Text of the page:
The painter Gyula Benczúr was born on the 28th January 1844 in Nyíregyháza and died on the 16th July 1920 in what is nowadays known as Szécsény. He was and still is one of the most successful and technically gifted Hungarian artists. Nowadays, we would describe him as a history painter.
Already in his early childhood, Benczúr showed a huge talent in drawing. In 1861, he started his artistic education. He became a student of the German artists Hermann Anschütz and Georg Hiltensperger. In 1869, he continued his studies with the artist Karl Theodor von Piloty.
The first artworks of Benczúrs, for example, “László Hunyadi’s Farewell” or “Arrestation of Ferenc Rákóczi II at the Fortress of Nagysáros” dealt with tragic events regarding the history of Hungary. In 1970, he won the Hungarian national art competition for historic paintings with “The Baptism of Vajk”. Later on, he started to deal with more mythological subjects in his paintings and was also very successful. Among other things, he illustrated the books of Friedrich Schiller and became a professor of painting at the Art Academy of Munich. However, most of his work consists of his historical paintings, altarpieces and, of course, of portraits he was commissioned to paint from aristocrats and kings.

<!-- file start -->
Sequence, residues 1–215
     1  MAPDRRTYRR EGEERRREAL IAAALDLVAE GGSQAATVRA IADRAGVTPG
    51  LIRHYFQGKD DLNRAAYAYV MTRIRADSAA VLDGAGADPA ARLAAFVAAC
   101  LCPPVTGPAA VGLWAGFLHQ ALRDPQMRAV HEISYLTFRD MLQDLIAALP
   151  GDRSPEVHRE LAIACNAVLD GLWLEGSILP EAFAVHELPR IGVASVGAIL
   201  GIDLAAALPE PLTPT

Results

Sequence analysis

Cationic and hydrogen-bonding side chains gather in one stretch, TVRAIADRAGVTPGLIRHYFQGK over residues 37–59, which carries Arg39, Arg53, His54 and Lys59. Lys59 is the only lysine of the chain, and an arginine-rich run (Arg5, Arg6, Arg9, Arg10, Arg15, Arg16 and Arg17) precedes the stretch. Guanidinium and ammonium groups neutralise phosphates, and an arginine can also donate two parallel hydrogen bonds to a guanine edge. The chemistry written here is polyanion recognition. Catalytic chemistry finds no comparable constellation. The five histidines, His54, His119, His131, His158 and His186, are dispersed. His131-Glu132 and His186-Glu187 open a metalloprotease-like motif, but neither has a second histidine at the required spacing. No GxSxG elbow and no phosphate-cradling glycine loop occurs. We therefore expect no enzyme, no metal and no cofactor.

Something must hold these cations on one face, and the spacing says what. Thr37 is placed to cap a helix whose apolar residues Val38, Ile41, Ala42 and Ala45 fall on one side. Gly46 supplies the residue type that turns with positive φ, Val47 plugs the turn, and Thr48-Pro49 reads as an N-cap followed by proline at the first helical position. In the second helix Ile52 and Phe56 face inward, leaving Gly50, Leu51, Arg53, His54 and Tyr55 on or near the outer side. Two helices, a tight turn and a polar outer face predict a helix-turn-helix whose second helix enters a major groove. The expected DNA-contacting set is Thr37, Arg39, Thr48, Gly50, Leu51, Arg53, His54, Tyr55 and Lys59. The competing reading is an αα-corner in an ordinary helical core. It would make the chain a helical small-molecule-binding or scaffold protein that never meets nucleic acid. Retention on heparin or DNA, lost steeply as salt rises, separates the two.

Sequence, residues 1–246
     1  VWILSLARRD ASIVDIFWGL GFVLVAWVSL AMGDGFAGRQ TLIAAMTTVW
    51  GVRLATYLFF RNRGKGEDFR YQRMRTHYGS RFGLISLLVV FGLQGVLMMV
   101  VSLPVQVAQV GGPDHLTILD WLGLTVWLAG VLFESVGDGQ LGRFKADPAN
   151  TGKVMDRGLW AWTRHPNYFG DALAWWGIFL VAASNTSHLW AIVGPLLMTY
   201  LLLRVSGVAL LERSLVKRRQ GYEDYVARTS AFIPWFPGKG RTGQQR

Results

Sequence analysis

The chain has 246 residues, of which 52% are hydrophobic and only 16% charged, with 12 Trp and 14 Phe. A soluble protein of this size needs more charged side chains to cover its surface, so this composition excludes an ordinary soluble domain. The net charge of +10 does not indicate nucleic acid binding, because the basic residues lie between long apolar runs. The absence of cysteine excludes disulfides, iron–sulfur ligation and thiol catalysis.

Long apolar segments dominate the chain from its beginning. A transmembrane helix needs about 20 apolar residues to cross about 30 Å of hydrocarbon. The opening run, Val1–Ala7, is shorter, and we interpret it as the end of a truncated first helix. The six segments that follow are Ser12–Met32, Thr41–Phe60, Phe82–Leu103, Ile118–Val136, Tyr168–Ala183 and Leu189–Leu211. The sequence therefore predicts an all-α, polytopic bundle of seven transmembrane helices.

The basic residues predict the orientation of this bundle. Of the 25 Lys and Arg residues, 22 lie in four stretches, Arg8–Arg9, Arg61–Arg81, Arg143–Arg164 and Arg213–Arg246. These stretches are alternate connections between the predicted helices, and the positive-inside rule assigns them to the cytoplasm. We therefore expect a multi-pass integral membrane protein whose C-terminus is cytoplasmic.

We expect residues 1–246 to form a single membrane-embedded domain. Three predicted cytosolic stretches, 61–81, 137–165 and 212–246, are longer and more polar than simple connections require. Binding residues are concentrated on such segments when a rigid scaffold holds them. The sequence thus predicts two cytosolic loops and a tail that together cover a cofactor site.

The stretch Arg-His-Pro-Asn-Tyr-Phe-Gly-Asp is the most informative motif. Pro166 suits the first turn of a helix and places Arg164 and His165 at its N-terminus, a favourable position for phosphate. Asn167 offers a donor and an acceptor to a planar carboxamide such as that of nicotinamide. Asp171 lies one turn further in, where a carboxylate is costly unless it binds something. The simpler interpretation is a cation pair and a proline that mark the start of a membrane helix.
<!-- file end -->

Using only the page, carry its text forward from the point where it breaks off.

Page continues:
As one of the revolutionaries of the Munich art scene, he became a member of the Art Community called “Allotria”. Willhelm Busch was a member too. That community was against the extreme conservative exhibition policy of the time. It served economical interests but also had artistic goals, such as the development of historicism, a field Benczúr was keen on since he was a history painter.
His brother, Béla Benczúr, who was an artist as well as an architect, designed his family house in Ambach at the shore of the “Starnberger See”. Gyula Benczúr spent every summer there until he moved back to Hungary in 1883 to become a professor at a Hungarian painting school.
The artworks of Benczúr show great knowledge and craftsmanship of the medium of oil paint. The way he uses different textures and materials is as impressive as his solid skills in drawing. His works have often a gloomy atmosphere, which underlines the tragic themes of his works.
Would you like to learn oil painting? Then sign up for an oil painting course at the Academy of Fine Art!